Giant Revel and Electra Townie or other MTB
I was dead set on getting an Electra Townie 21 speed bike. Once I sat on the bike I knew that this was the bike. However, I having been reducing my weight and remembering the good times with my Specialized MTB, I would like to get back into it.
My main concern is over the numb feeling in the groin after riding a bike. I had that sensation from riding a beach style cruiser as well. I tried to adjust the seat angle, it really did not change anything.
I was impressed with the Giant Revel MTB even though I was on it riding in the bike shop's parking lot. My groin did not seem to have the problem.
Here is my apprehension:
I would like to get back into biking. The main reason why i stopped was because of the numbness in the groin. I really do not want to invest a large amount of money into this, if the end result is that i stop biking because of this.
So, should I go with a Giant and get another seat like an Adame? Or should I play it safe with the Electra Townie. I really do not want to buy 2 bikes.
not really an mtbr member
Have you ever tried real cycling shorts? If you like mountain biking, then get a mountain bike.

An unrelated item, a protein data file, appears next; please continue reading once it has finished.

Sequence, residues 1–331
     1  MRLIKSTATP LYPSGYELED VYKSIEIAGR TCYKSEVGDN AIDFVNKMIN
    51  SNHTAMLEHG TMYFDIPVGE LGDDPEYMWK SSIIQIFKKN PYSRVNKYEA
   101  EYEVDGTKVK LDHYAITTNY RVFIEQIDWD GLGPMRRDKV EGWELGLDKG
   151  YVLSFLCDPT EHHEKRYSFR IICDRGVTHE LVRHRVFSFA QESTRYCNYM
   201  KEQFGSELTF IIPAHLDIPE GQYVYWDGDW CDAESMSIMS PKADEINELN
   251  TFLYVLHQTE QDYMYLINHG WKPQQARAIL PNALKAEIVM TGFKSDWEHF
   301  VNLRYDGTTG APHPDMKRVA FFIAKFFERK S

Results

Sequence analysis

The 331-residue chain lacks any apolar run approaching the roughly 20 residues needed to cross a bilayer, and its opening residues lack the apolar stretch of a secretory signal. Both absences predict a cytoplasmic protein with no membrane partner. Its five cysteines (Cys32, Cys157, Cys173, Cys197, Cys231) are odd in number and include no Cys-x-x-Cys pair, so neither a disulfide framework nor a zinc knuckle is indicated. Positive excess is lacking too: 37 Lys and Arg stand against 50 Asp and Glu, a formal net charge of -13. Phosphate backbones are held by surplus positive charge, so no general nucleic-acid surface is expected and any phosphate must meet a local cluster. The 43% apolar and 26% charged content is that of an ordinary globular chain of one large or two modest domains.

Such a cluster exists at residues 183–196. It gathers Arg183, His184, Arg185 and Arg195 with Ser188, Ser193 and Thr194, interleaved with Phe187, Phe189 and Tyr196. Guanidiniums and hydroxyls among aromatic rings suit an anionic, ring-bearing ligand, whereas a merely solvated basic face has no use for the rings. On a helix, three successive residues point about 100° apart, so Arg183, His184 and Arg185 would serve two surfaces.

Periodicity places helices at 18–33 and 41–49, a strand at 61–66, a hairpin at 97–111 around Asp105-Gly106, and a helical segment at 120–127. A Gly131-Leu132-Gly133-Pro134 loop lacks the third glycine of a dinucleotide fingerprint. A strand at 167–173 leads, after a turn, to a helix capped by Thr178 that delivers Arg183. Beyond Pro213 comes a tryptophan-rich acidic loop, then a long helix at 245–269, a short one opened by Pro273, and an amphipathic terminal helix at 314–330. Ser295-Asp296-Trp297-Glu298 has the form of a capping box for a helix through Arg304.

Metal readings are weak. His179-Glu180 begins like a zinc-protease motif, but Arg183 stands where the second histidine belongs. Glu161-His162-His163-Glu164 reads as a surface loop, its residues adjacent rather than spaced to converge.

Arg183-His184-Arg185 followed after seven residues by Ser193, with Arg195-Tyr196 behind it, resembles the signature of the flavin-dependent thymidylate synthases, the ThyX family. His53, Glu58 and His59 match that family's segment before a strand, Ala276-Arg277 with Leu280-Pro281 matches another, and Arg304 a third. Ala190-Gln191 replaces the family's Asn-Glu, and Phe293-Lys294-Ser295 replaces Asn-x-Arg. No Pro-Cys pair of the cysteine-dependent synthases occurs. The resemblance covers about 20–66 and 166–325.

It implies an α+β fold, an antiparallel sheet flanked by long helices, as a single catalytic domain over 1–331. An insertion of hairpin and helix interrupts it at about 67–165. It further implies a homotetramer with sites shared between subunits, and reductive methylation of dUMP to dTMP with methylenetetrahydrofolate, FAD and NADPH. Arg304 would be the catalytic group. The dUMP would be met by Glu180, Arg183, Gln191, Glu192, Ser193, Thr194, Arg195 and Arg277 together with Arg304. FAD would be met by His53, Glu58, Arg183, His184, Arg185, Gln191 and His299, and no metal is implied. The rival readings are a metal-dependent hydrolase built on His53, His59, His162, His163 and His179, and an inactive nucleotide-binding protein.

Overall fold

Cycling shorts, better saddle, having your riding position looked at by a shop; there are plenty of things that you can do to improve your numb issue. A cruiser bike is not made for extended riding, the riding position is very upright and the saddle is (usually) soft and huge. A big mistake people make when they're figuring out how to get a comfortable saddle is to pick the biggest and softest saddle they can get. What actually happens when you do this is that all the soft tissue gets compressed and it cuts off blood flow to various parts of your body. What you need to be looking for is a firm saddle that matches the width of your sit bones. When you get a saddle like that, your body weight is supported on your sit bones and it allows blood to flow more naturally keeping numbness from occurring. Other nice features are having a cutout or relieved channel in the middle of the saddle which also aids in keeping numbness down. Cycling shorts are a big help but don't wear them with underwear or you'll be in a whole new world of discomfort. They come in styles with baggy outer coverings if you're worried about style.
There are a lot of issues you can work on to help get rid of your numbness, try and find a shop that has some demo saddles. WTB has a nice demo program that some shops have available (look for the yellow "demo" saddles). And remember that you should be standing up off the saddle much more frequently on a mountain bike than on a cruiser or street bike so you get a bit of relief once in a while.
Don't you hate it when a sentence doesn't end the way you think it octopus?
Thanks for the advice
Thanks for the advice. My outlook on MTB is much better now that I understand the mechanics of cycling. I suppose my first MTB was not sized correctly and that is why I had such difficulty with the bike comfort.